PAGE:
The Greatest Sin
John 19:11 - "Therefore he who delivered me over to you has the greater sin.”
As evangelicals in the US, most of us are very fond of saying that "all sins are equal in God's sight". The question, however, is whether that is actually true. I submit that based on this passage and others it is not. First of all take this passage, referring to "greater sin". Michael Patton from Reclaiming the Mind Ministries did a post on this a while back. Some reasons NOT to think all sins are equal:
"2. Certain sins in the law are distinguished in a particular context as an abomination to God, implying that others are not as severe (e.g. Lev. 18:22; Deut. 7:25, Deut. 23:18, Isa. 41:24).
3. Blasphemy of the Holy Spirit is set apart as a more severe sin than blasphemy of the Son (Matt. 12:31)
4. Proverbs 6:16-19 lists particular sins in such a way as to single them out because of their depraved nature, separating them from others.
5. There are degrees of punishment in Hell depending on the severity of the offense (Lk. 12:47-48).
6. Christ often evaluates the sin of the Pharisees as greater than the sins of others. You strain out a gnat while you swallow a camel (Matt. 23:24). If all sins are equal, Christ’s rebuke does not make any sense. (See also Lk. 20:46-47)
7. Similarly, Christ also talked about the “weightier things of the law” (Matt. 23:23). If all sins are equal, there is no law (or violation of that law) that is “weightier than others.” They are all the same weight.
8. Unforgiveness is continually referred to as a particularly heinous sin (Matt. 6:14-15; 18:23-35)." 
So why is it that we say that all sins are equal? I think that we are being a little fuzzy in our thinking. Romans 3:23 tells us that ALL have sinned and fall short of the glory of God. We are all sinful. It does not follow, however, that all sins are equal. He continues:
"If you disagree with this, just think--really think—about what you are saying about God. You are saying to an unbelieving world that your God is just as angry about the act of going 56 in a 55 as he is about the act of one who rapes and murders a six-year-old girl. Do you really want to go there? Do you really think this position is sufficiently supported to justify such a belief? Can you really defend it? If the Bible teaches it, fine: we go with the Bible and not with our emotions or palatability decoder. But I don’t believe that a viable case can be made for letting our theology argue for such a belief. I can’t think of many more things in Evangelical pop-theology that is more wrong, more damaging, or more misrepresentative of God’s character and the nature of sin."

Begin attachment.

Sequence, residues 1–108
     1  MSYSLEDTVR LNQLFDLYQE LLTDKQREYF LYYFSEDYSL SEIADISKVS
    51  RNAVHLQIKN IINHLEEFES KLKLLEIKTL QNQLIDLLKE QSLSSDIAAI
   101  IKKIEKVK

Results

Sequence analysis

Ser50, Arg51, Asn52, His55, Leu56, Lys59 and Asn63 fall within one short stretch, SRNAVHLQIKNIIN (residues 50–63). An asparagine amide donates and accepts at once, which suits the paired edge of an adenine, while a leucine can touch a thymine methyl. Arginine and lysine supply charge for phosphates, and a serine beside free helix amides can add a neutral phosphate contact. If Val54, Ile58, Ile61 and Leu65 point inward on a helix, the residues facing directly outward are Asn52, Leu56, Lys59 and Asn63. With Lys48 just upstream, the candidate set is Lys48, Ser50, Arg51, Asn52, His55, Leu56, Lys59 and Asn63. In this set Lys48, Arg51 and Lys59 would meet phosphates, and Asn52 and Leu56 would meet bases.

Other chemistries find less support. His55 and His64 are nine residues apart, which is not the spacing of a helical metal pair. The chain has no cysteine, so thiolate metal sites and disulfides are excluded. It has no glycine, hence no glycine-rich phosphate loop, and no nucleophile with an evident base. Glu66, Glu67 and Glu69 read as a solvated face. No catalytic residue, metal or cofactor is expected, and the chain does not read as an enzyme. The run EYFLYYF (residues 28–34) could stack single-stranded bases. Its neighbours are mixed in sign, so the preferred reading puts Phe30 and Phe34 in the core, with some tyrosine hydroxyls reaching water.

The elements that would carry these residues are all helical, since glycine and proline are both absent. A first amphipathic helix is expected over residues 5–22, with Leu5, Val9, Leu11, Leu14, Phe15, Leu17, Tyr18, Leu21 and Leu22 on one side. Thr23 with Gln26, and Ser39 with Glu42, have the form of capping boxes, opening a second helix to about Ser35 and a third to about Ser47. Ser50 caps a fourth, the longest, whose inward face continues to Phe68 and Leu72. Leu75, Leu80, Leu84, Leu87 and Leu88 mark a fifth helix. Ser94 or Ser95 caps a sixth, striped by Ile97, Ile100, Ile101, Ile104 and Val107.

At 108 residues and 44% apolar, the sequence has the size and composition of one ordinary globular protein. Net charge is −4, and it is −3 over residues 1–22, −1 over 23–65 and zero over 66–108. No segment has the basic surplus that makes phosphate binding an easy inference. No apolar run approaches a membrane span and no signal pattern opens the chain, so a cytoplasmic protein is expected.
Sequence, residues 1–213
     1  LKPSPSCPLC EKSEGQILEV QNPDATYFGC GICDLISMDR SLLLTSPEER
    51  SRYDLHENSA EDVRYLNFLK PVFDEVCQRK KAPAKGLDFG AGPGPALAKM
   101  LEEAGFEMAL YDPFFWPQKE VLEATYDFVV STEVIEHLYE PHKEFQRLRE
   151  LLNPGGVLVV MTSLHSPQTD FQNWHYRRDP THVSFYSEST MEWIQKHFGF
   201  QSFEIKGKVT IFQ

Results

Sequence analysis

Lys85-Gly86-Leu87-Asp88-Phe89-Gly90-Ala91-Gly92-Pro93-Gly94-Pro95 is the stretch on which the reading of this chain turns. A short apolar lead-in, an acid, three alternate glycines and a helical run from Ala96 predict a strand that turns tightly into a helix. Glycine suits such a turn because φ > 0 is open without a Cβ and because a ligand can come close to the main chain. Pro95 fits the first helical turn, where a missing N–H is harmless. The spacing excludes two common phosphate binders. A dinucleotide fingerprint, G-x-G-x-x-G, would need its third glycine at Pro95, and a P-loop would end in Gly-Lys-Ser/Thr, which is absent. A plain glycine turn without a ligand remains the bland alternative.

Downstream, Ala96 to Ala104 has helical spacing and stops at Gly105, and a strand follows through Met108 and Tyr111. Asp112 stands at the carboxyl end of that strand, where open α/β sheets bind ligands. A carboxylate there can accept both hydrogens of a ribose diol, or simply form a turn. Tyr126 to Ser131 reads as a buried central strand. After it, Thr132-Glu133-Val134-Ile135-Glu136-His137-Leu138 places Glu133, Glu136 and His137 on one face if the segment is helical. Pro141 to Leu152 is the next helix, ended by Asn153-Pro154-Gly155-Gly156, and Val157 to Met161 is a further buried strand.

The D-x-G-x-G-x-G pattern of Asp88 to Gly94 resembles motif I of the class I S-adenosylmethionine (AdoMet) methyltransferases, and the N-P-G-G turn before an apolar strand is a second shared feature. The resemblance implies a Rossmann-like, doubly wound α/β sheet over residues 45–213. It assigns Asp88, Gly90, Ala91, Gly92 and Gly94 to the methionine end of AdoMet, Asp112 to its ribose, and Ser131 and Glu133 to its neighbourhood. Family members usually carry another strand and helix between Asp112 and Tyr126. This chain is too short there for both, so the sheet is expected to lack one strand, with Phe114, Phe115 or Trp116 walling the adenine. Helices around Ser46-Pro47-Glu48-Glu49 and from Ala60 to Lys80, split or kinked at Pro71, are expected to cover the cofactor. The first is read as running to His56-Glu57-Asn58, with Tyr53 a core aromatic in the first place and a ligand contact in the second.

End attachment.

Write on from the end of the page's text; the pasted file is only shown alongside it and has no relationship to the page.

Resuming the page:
So other than that one random verse, what does this big discussion have to do with our passage for today? I think that having this understanding of sin can cloud some very big and very real issues relating to Jesus. In another related post, Patton deals with the biggest, greatest, worst sin of all: unbelief. The reason we land in hell isn't that one little white lie we told - it's because we have set ourselves against God. We have rebelled and refused Him. This act of unbelief and rebellion is THE sin that will define us, lest we repent and believe. Read:
"It is important to understand that hell not is filled with people who are crying out for God’s mercy, constantly hoping for a second chance. People are in hell because they have the same disposition toward God that they had while they were walking the earth. They do not suddenly, upon entrance into Hell, change their nature and become sanctified. They still hate God. People are in hell for all eternity, not because they [ran a red light], but because their fists are still clenched toward God. They are not calling on His mercy. They are not pleading for a second chance. They are in hell for all eternity because that is where they would rather be. It is their nature. As C.S. Lewis once said, “The doors of hell are locked from the inside.” 
Granted, this is perhaps overstating a bit: the Bible is clear that hell also is punishment that is inflicted by God withdrawing His favorable presence from unbelievers, but you get the point. The important issue is belief or unbelief. If you reject the very God of the universe, you have committed the GREATEST sin.
And that is our passage for today: Jesus Christ crucified. It is told for us to read and believe. That is THE decision of life: do I believe, or do I not? Will I lay down my own plans and my life for this dying man, or will I do it my way? Will I rest in the power of His resurrection, or will I try to make my own way? Make a choice, but be aware: that decision will define you eternally. Jesus sacrifices His very self for the world and asks "Believe" of us. Believe and let your sins be covered by His blood.